Security Experts:

A Look Back at RSA 2017: 3 Things I Wish I Saw Less Of

Every year, the RSA Conference is an exciting opportunity to get the security industry together to debrief on the past year and look ahead toward how we can ensure more security in the coming months. This year, as always, I was inspired by the great work and technological advancements on display from a wide range of impressive security vendors. However, as I attend the event year after year, there are also some concerning patterns I see on a regular basis that are unfortunate byproducts of an otherwise great event.

Here are a few things I saw this year that I’m hoping won’t be making an appearance at RSA 2018.

Unreasonable vendor claims and silver bullets. Every year, countless security vendors roam the show floor at RSA, promising that their latest revolutionary tool is going to solve the entire world’s security problems. Don’t get me wrong – innovation in the security space is extremely important and a crucial way to ensure we are staying ahead of attackers. However, too often these organizations are overpromising and underdelivering, leading organizations to invest too much money into disparate security products that don’t actually make their organization more secure.

Silver Bullet

Let’s be honest, there are no silver bullets in security, and as an industry, we need to stop telling CISOs that they exist. Ultimately, an effective security program requires a more comprehensive approach to risk management, focused on integrating several different technologies and building a strong security team to manage these systems. 

The “spray and pray” approach to security has long been inefficient, and it’s disheartening to see organizations continue to capitalize on this trend.

Scare tactics as a selling tool. Along those lines, many vendors seek to sell their goods by scaring organizations into believing they need them. Highlighting the latest big security breach and claiming to have been able to stop it if only that organization had had their product isn’t a positive way to sell your wares. Additionally, scaring companies into thinking that if they don’t have one specific security component their entire organization is immediately at risk isn’t an effective approach to security either.

The truth of the matter is that most mature companies are not buying the fear, uncertainty and doubt being put out. If we as an industry continue to cry wolf about threats and attacks, I fear we will lose credibility and ultimately do a disservice to our customers.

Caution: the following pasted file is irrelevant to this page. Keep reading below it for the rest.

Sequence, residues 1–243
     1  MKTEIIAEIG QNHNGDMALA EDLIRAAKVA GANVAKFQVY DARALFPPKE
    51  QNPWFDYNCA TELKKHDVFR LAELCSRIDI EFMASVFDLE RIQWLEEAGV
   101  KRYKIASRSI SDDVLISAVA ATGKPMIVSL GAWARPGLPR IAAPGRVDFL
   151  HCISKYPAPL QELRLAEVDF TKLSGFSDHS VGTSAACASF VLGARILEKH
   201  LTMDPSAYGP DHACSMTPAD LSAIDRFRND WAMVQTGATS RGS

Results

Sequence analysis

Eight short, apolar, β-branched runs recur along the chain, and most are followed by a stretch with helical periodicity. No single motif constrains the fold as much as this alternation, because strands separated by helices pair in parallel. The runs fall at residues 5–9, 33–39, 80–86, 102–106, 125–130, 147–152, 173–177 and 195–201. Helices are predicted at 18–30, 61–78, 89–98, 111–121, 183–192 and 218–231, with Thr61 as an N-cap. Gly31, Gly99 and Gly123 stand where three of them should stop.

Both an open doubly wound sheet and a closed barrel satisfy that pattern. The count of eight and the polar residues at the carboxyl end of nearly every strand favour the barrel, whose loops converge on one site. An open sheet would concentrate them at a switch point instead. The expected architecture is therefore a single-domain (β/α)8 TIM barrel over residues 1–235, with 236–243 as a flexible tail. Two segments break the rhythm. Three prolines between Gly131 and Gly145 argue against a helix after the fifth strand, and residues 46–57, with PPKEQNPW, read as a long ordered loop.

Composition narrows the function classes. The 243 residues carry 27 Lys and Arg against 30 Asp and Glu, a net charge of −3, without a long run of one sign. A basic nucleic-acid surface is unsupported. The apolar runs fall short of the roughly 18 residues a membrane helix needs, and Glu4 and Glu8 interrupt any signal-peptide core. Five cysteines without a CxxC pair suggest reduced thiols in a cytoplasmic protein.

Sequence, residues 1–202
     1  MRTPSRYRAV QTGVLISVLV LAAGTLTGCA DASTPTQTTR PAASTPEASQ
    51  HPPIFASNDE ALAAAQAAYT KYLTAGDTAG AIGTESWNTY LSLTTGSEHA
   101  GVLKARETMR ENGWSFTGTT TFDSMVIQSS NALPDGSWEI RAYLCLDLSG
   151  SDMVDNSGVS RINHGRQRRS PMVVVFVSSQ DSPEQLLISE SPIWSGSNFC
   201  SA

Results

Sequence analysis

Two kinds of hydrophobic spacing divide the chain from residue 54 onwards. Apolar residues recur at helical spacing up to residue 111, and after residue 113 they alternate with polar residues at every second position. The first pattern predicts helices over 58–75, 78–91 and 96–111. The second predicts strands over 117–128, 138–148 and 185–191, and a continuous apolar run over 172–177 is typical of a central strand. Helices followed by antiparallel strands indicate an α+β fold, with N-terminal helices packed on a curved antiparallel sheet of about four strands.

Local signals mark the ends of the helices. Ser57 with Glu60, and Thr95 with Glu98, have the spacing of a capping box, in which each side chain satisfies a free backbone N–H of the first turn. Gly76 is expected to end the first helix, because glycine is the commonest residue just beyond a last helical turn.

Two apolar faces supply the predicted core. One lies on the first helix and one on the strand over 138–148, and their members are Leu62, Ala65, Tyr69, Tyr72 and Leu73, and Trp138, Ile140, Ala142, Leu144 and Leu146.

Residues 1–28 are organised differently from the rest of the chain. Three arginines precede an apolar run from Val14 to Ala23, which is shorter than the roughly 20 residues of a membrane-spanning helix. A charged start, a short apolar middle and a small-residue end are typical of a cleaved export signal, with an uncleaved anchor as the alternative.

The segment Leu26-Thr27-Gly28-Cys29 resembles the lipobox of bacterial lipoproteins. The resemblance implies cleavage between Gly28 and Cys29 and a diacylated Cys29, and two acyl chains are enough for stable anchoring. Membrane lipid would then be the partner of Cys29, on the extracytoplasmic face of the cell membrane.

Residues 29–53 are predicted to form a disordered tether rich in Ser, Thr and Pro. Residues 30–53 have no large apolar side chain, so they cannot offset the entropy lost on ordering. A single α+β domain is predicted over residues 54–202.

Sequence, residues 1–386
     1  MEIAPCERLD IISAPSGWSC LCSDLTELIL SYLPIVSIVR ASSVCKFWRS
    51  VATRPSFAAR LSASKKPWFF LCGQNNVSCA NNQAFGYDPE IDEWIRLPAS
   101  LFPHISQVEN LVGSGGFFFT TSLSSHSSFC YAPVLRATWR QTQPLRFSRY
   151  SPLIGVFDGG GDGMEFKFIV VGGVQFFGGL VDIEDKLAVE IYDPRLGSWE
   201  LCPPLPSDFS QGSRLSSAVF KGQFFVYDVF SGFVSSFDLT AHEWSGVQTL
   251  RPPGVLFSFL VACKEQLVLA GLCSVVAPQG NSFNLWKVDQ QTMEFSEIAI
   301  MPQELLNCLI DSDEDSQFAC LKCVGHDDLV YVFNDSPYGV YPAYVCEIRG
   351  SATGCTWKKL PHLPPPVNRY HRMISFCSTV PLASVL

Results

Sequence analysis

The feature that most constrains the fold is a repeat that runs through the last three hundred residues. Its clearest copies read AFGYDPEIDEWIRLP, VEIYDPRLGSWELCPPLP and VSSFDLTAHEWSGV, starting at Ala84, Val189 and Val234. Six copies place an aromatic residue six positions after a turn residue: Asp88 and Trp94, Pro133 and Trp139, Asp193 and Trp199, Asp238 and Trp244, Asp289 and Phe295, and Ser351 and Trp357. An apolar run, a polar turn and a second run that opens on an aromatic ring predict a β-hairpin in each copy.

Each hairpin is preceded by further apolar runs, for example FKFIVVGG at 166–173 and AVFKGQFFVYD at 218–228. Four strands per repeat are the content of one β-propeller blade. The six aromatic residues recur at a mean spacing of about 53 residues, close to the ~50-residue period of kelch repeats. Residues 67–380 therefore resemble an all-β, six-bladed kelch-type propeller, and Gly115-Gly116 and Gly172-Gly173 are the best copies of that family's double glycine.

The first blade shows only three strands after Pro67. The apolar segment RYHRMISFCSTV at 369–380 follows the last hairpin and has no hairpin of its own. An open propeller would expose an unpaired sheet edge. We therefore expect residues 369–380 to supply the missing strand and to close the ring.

We need to see organizations taking a cohesive, thought-out approach to security, not jumping at every new product on the market for fear that they’ll be compromised if they don’t.

Breach-shaming. All organizations have security risks. Period. While the industry works tirelessly to help organizations avoid being compromised, the fact is that breaches are going to happen. When they do, too often the company that was victimized is barraged by criticism from the rest of the industry, who say they should have implemented this product or this service or this response. This form of “Monday morning quarterbacking” benefits nobody; instead, we should be looking at companies’ past misfortunes as valuable learnings for the entire industry. The only benefit of a major breach is that it provides us with information that we can use to prevent something similar from happening in the future. Rather than shaming an organization who happened to be on the wrong side of it, we should be using a large-scale attack as motivation to continue to innovate and create better security for the future.

A promising trend: More collaboration. I don’t mean to be overly negative about what was otherwise a great event. There is one area in particular that was particularly motivating to see: more collaboration. It’s no secret that the threat landscape is continuing to evolve. Integrating technologies and sharing intelligence among the world’s leading security organizations is a crucial way to stay ahead of growing threats. Rather than allowing hackers to target multiple organizations, if each organization was aware of an attack as soon as it happened, the hacker would be stopped in his tracks before he could face his next target. Likewise, allowing organizations to integrate their technologies to provide customers with a more manageable and easily deployable security infrastructure is a great way to enhance security while minimizing extra effort on the part of the user. At RSA this year, I was inspired to see many organizations echo this perspective and make an effort to improve collaboration moving forward. As the dust settles from RSA, I hope we will continue to see much more of this trend throughout the year.

Overall, RSA was once again an inspiring and motivating event. I’m already looking forward to next year!

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Jennifer Blatnik is VP of cloud, security and enterprise marketing at Juniper Networks with focus on enterprise deployments of security, routing, switching and SDN products, as well as cloud solutions. She has more than 20 years of experience helping enterprises solve network security challenges. Before joining Juniper, she served multiple roles at Cisco, including directing product management for security technologies aimed at small to medium enterprises, as well as supporting managed services, cloud service architectures and go-to-market strategies. She holds a B.A. in Computer Science from University of California, Berkeley.